April 22, 2013
DAVIS, Calif.Researchers from USDAs Agricultural Research Service (ARS) have developed and tested an improved method for measuring an indicator of the body's stores of B12 in blood that requires only a small amount of blood. Vitamin B12 helps the body perform many vital chores, including forming healthy red blood cells, keeping the brain functioning smoothly, and metabolizing the fats, proteins and carbohydrates in foods we eat.
In the United States, the very young and the elderly are among the groups at risk of becoming B12 deficient. Newborns whose mothers are deficient in the vitamin may begin their lives with low stores of it. The problem may be compounded if these babies are breastfed, because the B12 levels in their mothers milk may be inadequate. If seniors sufficient gastric acid in the stomach they may be unable to absorb enough vitamin B12 from their food. Vitamin B12 is found naturally in meats, fish, poultry, eggs, cheese and yogurt or from B12-fortified foods like breakfast cereals.
The researchers showed that a specimen of only 25 microliters of blood plasma or serumthe equivalent of about one-half of a drop of watercan be analyzed with speed, accuracy, reliability and precision using an analytical technology called UPLC-ESI-MS/MS (ultra-performance liquid chromatography-electrospray ionization-tandem mass spectrometry).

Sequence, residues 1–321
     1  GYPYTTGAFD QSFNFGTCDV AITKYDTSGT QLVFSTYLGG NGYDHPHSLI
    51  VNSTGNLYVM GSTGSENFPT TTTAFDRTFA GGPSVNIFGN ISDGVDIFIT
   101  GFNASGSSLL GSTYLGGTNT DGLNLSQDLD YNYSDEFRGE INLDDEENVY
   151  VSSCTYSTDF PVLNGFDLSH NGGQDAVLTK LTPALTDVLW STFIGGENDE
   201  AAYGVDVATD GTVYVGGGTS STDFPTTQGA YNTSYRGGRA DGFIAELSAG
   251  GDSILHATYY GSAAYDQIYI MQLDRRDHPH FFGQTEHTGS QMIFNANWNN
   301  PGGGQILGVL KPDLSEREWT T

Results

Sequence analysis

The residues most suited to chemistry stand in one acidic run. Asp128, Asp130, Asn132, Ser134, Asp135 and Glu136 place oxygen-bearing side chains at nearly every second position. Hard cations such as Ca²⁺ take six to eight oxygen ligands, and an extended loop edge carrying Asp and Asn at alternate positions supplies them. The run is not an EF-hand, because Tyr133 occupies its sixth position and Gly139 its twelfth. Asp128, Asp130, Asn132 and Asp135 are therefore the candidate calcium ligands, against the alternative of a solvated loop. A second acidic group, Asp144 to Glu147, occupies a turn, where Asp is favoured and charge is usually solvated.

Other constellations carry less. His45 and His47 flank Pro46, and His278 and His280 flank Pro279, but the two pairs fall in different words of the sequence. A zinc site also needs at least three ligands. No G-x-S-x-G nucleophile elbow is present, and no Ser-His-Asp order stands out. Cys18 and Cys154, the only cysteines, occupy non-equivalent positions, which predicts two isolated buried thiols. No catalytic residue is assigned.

If the assay is performed using robotics, the sample could perhaps be as small as 5 microliters.
The team built upon earlier work in which scientists elsewhere used an older technology to measure the same indicator compound that the group selected, namely, MMA (methylmalonic acid). MMA can build up in the bloodstream if there isn't enough vitamin B12 in the body.
The 25-microliter sample size needed for the new MMA assay represents a 4- to 10-fold reduction in the volume of specimen required for other MMA-based B12 tests. Samples take only about four minutes to process.
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